According to a report from NHL insider Eric Francis of Sportsnet, the NHL will introduce new pucks equipped with “player tracking technology” during the Stanley Cup Playoffs next month.
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The new puck reportedly has the same weight, heft and feel as a “regular” puck.
“This was an important thing for us over the past months and years, making sure that the puck performs the way we expect it to in real-time situations,” Steve McArdle, the NHL’s executive vice-president of digital media and strategic planning, said during a media briefing on Tuesday.
The league has conducted hundreds of tests on the new pucks, including shooting it out of a “puck cannon” and reviewing the after effects.
“We haven’t been able to break this one yet,” said Keith Horstman, the NHL’s vice-president of information technology. “We shot it [at] 170 mph, 20 times, and it didn’t beak, it didn’t deform.
“We’ve been trying to get them to tell us what the break point is and they can’t get the gun [to fire] high enough.”
McArdle said: “No cracking, no breaking. The rubber held up. No damage to the puck. We hit the corner of the puck on the crossbar to test various points of potential failure.”
Interestingly enough, the new puck has quietly been tested in nine NHL games in nine different buildings over the past month. Testing will continue in 11 more contests this month, including a March 19 game in Toronto that is planned to “showcase” the latest technology on the Toronto Maple Leafs’ broadcast.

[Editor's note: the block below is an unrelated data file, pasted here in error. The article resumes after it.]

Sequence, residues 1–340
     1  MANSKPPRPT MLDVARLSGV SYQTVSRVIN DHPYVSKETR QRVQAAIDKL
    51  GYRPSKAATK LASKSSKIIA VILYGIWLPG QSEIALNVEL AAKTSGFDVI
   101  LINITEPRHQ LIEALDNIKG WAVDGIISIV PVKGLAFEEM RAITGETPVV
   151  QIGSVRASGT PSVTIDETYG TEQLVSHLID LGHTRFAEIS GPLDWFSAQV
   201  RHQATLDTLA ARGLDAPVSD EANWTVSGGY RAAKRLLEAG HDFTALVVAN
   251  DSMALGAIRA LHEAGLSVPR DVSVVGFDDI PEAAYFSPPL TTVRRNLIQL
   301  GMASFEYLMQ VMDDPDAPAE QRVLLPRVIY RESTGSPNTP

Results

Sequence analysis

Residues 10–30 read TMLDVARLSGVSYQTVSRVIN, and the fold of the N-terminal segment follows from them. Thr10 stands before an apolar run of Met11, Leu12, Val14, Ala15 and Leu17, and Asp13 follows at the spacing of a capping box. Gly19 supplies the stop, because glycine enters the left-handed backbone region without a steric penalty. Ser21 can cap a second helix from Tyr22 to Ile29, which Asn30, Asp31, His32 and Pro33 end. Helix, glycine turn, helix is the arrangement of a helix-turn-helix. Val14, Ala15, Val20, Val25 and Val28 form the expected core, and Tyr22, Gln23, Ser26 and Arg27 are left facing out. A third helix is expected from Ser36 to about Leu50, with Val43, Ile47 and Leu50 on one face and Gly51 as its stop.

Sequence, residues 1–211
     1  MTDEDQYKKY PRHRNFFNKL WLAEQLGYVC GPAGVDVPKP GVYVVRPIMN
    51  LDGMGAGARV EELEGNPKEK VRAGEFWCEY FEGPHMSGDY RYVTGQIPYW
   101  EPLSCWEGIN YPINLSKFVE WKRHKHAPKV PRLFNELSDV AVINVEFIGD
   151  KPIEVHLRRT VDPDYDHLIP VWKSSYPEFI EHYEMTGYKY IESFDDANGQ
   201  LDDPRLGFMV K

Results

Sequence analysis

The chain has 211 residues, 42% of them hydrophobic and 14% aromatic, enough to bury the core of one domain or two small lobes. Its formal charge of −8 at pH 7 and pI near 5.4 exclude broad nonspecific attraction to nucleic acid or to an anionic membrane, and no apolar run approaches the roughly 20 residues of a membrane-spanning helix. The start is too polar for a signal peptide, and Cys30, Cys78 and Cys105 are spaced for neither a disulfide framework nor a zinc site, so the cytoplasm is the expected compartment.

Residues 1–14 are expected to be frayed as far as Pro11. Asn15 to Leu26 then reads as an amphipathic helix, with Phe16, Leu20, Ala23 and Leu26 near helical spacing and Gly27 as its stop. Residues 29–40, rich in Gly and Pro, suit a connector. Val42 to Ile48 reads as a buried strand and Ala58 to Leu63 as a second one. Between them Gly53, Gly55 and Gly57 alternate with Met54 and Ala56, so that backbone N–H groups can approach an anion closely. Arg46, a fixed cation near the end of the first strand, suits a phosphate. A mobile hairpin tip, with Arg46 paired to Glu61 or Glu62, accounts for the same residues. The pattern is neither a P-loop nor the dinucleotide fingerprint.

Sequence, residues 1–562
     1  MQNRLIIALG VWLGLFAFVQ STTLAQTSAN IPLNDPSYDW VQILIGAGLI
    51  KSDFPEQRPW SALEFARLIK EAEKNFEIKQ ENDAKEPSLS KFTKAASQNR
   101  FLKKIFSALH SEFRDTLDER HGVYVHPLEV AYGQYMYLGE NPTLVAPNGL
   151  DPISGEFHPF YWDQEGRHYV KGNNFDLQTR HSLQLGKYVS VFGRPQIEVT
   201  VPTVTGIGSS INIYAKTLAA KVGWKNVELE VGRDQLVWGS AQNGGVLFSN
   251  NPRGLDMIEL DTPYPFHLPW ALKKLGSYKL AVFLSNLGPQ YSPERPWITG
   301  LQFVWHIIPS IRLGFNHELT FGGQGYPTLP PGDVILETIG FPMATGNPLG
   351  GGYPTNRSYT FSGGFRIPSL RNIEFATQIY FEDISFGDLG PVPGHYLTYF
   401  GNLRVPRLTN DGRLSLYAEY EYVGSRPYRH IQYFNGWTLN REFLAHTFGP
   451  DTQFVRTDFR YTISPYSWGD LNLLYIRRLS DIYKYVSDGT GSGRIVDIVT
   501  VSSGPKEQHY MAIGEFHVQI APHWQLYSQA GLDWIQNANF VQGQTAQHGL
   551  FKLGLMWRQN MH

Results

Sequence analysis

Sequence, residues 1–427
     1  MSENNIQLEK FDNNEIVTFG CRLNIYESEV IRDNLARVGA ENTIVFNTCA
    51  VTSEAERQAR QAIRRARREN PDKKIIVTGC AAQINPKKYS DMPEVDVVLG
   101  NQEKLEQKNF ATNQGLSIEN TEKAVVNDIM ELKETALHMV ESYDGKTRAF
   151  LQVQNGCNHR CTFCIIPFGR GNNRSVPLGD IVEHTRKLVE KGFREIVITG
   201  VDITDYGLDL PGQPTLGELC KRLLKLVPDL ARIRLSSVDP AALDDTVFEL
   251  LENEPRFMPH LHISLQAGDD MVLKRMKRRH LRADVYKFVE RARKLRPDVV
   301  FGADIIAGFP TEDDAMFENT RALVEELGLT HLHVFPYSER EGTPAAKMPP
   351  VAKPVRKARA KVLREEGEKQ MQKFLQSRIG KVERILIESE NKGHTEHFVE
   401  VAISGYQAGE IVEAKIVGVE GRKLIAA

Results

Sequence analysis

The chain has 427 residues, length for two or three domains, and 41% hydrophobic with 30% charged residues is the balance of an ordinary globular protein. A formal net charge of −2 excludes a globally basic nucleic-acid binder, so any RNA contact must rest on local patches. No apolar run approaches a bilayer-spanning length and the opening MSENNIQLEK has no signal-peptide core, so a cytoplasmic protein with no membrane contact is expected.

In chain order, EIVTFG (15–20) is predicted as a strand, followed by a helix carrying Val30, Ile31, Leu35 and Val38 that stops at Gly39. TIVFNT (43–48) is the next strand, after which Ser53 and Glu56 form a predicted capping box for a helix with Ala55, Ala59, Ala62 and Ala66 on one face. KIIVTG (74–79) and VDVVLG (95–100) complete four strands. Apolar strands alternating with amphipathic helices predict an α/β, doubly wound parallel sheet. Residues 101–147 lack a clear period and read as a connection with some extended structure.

“Feedback has been minimal,” McArdle said. “We have not heard – in live-game situations – complaints about the performance of the puck. In fact, we’ve heard very little coming out of a lot of game experiences. So we’re happy about that.”
“Our partners have been trying to make sure that this thing looks and feels and performs as close to the real thing we have today as possible,” McArdle said. “Key players have been playing with it during practices and the feedback has been minimal.”
The new pucks are significantly more expensive to produce, so don’t expect to pick up a bucket of these at Canadian Tire anytime soon. It’s believed that each puck costs $100 to produce. The pucks transmit data 60 times per second and include data like location, speed, acceleration and deceleration and distance travelled. That information, along with tracking data gathered from tagging devices worn by players, will be displayed on broadcasts during playoffs.